Dinner was exceptional—local scallops, local beef, and a crumble made with rhubarb from the garden. Again we could have stayed for days, but on we went to follow the Wild Atlantic Way, signed as such, along the dramatic western coastline, through Westport, Ballina, and Sligo to Donegal. (Although the most northerly part of Ireland, county Donegal is part of the Republic of Ireland.)
We didn’t know about the historically directed Blue Book when we searched for a place to stay in Donegal, and Harvey’s Point Hotel (rooms, from $215; Lough Eske, Donegal Town; 353-7/4972-2208; harveyspoint.com), on Lake Eske, would certainly not have qualified. An enormous holiday camp of a hotel, it even marked its glasses to show the staff how much to pour. Hangers in the wardrobes rattled on rings (a particular horror of mine). And the food was so mass-produced (apart from hotel guests, 650 were expected at a buffet lunch on Sunday) that it was hard to distinguish exactly what one was eating.
With Gallagher Chauffeur Travel (353-8/7417-6600), a Donegal tour organization, we escaped for a day’s outing to Killybegs, the second largest fishing port in Ireland and the home of hand-loomed Donegal carpets (which decorate the White House) and Slieve League, the highest sea cliffs in Ireland. There is a path, One Man’s Pass, to the Eagle’s Nest at the top, but even locals say it’s not for the fainthearted.
On day 11, we left Donegal and drove east on the R232, its name changing to the A35 as, unknowingly, we entered into the United Kingdom, Northern Ireland, the Black North.
It wasn’t until we passed through Omagh and saw a signpost to Belfast and our first Union Jack flag that we realized we had crossed the invisible border. The country was just as luscious and green as the countryside had been as we reached Magheralin, in county Armagh. It had taken 21⁄2 hours driving east to reach our last Blue Book stop, Newforge House (rooms, from $185; 58 Newforge Rd., Magheralin; 44-28/9261-1255; newforgehouse.com), down the road from Craigavon, where I was the youngest city commissioner in history in the swinging ’60s, deciding where the traffic lights should go and other vitally important civic duties that, at the time, scared me to death.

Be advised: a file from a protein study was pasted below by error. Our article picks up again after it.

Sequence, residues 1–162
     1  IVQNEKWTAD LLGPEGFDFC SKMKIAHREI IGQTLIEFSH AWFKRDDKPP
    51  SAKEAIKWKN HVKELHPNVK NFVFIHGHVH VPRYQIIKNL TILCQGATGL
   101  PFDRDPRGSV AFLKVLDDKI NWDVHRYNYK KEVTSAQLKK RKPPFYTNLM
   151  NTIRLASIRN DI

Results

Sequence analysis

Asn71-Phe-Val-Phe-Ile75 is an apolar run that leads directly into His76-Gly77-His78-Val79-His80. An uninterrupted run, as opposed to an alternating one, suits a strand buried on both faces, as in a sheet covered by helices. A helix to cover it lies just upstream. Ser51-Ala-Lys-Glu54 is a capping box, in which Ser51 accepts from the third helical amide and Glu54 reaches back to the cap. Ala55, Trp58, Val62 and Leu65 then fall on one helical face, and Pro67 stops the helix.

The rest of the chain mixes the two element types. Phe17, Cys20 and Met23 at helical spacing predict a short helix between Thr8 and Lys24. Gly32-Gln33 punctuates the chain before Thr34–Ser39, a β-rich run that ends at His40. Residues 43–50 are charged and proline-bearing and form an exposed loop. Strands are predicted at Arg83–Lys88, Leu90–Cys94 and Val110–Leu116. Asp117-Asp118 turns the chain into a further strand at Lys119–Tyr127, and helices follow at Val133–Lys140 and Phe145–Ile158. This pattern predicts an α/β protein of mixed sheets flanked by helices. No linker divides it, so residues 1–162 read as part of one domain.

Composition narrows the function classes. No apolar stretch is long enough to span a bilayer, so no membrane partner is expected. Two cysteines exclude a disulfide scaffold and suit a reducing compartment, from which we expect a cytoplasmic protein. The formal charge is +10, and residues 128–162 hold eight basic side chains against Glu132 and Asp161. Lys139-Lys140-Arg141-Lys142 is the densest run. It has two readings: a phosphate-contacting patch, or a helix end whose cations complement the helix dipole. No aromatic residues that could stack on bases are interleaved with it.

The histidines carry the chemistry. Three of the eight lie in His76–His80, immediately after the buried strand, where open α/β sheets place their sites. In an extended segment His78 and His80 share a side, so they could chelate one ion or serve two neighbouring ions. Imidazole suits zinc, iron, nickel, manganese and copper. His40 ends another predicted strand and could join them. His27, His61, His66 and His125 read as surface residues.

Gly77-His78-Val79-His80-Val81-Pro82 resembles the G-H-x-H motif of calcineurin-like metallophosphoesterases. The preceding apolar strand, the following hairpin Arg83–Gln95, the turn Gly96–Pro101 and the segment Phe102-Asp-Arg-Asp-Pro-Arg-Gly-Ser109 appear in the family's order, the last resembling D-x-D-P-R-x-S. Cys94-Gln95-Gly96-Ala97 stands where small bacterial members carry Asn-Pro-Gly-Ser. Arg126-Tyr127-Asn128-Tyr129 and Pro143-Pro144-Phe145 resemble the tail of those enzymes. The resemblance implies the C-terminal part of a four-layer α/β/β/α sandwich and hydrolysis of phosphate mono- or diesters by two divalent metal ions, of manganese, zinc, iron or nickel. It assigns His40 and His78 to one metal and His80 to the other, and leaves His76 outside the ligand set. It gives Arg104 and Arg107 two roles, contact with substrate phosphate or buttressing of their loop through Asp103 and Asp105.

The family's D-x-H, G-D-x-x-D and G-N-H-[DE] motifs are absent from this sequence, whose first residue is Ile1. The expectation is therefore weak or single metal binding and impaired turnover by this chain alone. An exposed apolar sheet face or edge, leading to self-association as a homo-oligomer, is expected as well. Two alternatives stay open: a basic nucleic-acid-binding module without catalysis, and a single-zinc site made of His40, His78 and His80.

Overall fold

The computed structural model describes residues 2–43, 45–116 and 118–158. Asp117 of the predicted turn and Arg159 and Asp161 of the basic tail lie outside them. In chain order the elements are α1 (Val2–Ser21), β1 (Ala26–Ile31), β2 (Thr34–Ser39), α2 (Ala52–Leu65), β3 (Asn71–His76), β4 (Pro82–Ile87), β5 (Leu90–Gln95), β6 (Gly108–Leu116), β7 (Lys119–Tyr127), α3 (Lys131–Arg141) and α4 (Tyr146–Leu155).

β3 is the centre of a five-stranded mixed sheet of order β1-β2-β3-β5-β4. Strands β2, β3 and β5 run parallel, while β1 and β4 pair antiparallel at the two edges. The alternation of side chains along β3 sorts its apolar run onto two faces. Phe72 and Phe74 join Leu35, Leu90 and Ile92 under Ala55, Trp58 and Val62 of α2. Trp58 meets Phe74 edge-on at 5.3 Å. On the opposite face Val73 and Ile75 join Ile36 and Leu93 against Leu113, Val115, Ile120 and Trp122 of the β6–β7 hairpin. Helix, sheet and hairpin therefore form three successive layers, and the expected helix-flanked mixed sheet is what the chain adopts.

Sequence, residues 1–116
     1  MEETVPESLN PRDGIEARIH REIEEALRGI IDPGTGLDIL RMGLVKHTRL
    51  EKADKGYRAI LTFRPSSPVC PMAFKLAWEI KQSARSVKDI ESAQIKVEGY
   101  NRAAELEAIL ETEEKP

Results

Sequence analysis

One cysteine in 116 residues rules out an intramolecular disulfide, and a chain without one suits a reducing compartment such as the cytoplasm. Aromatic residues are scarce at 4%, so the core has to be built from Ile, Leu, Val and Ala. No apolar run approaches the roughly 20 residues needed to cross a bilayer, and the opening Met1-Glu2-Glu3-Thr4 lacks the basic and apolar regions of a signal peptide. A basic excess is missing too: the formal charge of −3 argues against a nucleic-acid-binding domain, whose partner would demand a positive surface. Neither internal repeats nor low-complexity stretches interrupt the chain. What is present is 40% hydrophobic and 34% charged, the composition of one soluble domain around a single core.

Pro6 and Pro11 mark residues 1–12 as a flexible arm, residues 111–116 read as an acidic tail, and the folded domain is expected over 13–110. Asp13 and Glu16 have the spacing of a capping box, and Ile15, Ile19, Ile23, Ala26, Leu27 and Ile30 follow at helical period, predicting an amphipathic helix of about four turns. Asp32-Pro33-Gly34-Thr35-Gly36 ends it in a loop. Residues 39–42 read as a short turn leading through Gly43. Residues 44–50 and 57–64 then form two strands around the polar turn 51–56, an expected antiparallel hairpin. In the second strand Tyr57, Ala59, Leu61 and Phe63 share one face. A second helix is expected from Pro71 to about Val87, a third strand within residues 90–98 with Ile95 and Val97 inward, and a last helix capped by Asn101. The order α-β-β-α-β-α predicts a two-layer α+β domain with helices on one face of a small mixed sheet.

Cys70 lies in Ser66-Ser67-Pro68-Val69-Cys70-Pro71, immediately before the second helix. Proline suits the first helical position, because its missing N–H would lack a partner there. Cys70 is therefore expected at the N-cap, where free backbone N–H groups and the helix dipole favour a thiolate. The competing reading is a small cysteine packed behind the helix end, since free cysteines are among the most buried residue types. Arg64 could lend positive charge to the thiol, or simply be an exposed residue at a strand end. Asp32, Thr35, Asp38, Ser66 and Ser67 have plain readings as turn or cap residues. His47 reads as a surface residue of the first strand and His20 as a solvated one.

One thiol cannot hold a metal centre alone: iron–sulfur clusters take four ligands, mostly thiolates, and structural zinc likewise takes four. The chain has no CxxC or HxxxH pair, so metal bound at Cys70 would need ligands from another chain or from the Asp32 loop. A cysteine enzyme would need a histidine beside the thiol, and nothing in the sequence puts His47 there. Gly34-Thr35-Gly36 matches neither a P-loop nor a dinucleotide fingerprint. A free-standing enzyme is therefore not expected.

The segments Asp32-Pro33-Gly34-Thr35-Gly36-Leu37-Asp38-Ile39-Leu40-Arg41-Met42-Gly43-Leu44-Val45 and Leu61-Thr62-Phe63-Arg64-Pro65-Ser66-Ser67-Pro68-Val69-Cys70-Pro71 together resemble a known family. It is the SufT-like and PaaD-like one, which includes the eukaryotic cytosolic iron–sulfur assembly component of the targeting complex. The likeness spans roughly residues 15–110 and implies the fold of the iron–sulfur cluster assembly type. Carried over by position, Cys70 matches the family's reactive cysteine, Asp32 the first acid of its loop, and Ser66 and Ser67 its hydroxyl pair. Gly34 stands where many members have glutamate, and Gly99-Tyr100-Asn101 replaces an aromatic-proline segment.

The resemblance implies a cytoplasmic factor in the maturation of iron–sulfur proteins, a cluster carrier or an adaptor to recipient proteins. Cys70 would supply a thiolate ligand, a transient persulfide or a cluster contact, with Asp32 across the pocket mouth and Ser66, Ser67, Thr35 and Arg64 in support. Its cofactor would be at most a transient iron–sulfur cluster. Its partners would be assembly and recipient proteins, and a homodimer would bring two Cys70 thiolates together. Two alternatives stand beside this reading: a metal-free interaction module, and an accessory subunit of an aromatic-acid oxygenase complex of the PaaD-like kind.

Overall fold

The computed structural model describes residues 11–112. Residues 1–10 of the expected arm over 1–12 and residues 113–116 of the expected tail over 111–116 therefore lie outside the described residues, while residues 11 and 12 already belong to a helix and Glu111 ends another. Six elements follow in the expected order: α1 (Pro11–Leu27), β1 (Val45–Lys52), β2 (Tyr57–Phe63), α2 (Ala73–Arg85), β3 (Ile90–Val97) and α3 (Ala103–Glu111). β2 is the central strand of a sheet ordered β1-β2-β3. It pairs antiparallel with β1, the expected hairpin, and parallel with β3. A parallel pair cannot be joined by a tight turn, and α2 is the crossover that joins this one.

John and Louise Mathers, owners of the Georgian Newforge House, showed us up to our room, dominated by a glorious four-poster bed. Later we explored the gardens, surrounded on all sides by green fields. Cream of Spring green soup, roast hake with chive and crab beurre blanc, and Lou’s ginger sponge with rhubarb and white chocolate ice cream made the journey worthwhile. The next a.m., John was eager to tell Peter that his breakfast eggs had come from a beautiful hen that he had admired during our garden tour.
We had a day before catching the plane back to New York, so we had an early lunch at Culloden Estate and Spa (rooms, from $275; Bangor Rd., Hollywood, Belfast; 44-28/9042-1066; hastingshotels.com), overlooking the majestic Belfast Lough. At the end of the 19th century, Culloden was the residence of the Church of Ireland, known as the Bishop’s Palace. Today it is one of Sir William Hastings’s five-star hotels. In the library, I read The Taste of Ulster, which lists regional products now getting world attention, from Clandeboye Estate yogurt to Thompson’s Family Teas and Gracehill black-and-white puddings.
My final stop, on the coast on the way to the famous Giant’s Causeway, was Ballygally Castle (rooms, from $165; Coast Rd., Ballygally; 44-28/2858-1066; hastingshotels.com), once owned by the ex and late older husband whom I referred to as I began this journey.
To my surprise and pleasure, I was taken to see the Shirley Lord Rose Garden, still going strong behind the hotel in the Black North, now as then, set in an avenue of vivid green.
WORTH THE DETOUR: ASHFORD CASTLE
In March, Ireland’s Ashford Castle hotel debuted its two-year renovation, which cost more than the approximately $25 million that Red Carnation Hotels purchased the 787-year-old property for in 2013. All 68 rooms and 14 staterooms and suites have been painstakingly outfitted with locally sourced furnishings, such as antiques from Dublin auction house Adam’s. Other additions include a spa, a swimming pool, a cinema, and two roof terraces. Combine the new amenities with those that the castle is already known for—like its 150-year-old afternoon-tea tradition—and Ashford continues to reign among the top castle hotel experiences in Europe. Rooms, from $250; Cong, County Mayo; 353-94/954-6003; ashfordcastle.com. — Elizabeth Sile
Image Credits: © Victoria Roberts